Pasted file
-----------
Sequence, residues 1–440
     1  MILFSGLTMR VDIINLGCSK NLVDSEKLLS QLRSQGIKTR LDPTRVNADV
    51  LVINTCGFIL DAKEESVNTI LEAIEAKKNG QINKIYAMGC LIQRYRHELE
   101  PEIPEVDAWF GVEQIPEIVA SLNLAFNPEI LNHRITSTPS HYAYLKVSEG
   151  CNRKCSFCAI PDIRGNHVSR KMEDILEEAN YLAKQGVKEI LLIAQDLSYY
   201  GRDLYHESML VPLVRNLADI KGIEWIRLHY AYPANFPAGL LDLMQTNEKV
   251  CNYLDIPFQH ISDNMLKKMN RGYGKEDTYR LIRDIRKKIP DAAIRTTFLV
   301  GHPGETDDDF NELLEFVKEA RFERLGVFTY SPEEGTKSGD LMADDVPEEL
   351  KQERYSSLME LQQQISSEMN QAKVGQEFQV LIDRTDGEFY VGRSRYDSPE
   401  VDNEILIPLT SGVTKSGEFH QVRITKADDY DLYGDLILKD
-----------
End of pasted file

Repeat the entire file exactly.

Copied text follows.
Sequence, residues 1–440
     1  MILFSGLTMR VDIINLGCSK NLVDSEKLLS QLRSQGIKTR LDPTRVNADV
    51  LVINTCGFIL DAKEESVNTI LEAIEAKKNG QINKIYAMGC LIQRYRHELE
   101  PEIPEVDAWF GVEQIPEIVA SLNLAFNPEI LNHRITSTPS HYAYLKVSEG
   151  CNRKCSFCAI PDIRGNHVSR KMEDILEEAN YLAKQGVKEI LLIAQDLSYY
   201  GRDLYHESML VPLVRNLADI KGIEWIRLHY AYPANFPAGL LDLMQTNEKV
   251  CNYLDIPFQH ISDNMLKKMN RGYGKEDTYR LIRDIRKKIP DAAIRTTFLV
   301  GHPGETDDDF NELLEFVKEA RFERLGVFTY SPEEGTKSGD LMADDVPEEL
   351  KQERYSSLME LQQQISSEMN QAKVGQEFQV LIDRTDGEFY VGRSRYDSPE
   401  VDNEILIPLT SGVTKSGEFH QVRITKADDY DLYGDLILKD